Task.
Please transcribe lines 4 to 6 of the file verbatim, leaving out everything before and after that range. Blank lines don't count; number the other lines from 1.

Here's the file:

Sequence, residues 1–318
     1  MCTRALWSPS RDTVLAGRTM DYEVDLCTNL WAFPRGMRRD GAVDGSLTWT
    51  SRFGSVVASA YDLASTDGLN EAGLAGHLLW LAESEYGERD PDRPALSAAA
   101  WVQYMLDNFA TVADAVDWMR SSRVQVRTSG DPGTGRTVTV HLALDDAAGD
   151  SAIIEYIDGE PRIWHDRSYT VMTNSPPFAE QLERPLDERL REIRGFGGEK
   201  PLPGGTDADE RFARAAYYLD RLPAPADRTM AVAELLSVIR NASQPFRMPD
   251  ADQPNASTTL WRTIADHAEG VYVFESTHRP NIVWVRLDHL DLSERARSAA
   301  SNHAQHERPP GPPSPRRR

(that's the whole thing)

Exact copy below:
   101  WVQYMLDNFA TVADAVDWMR SSRVQVRTSG DPGTGRTVTV HLALDDAAGD
   151  SAIIEYIDGE PRIWHDRSYT VMTNSPPFAE QLERPLDERL REIRGFGGEK
   201  PLPGGTDADE RFARAAYYLD RLPAPADRTM AVAELLSVIR NASQPFRMPD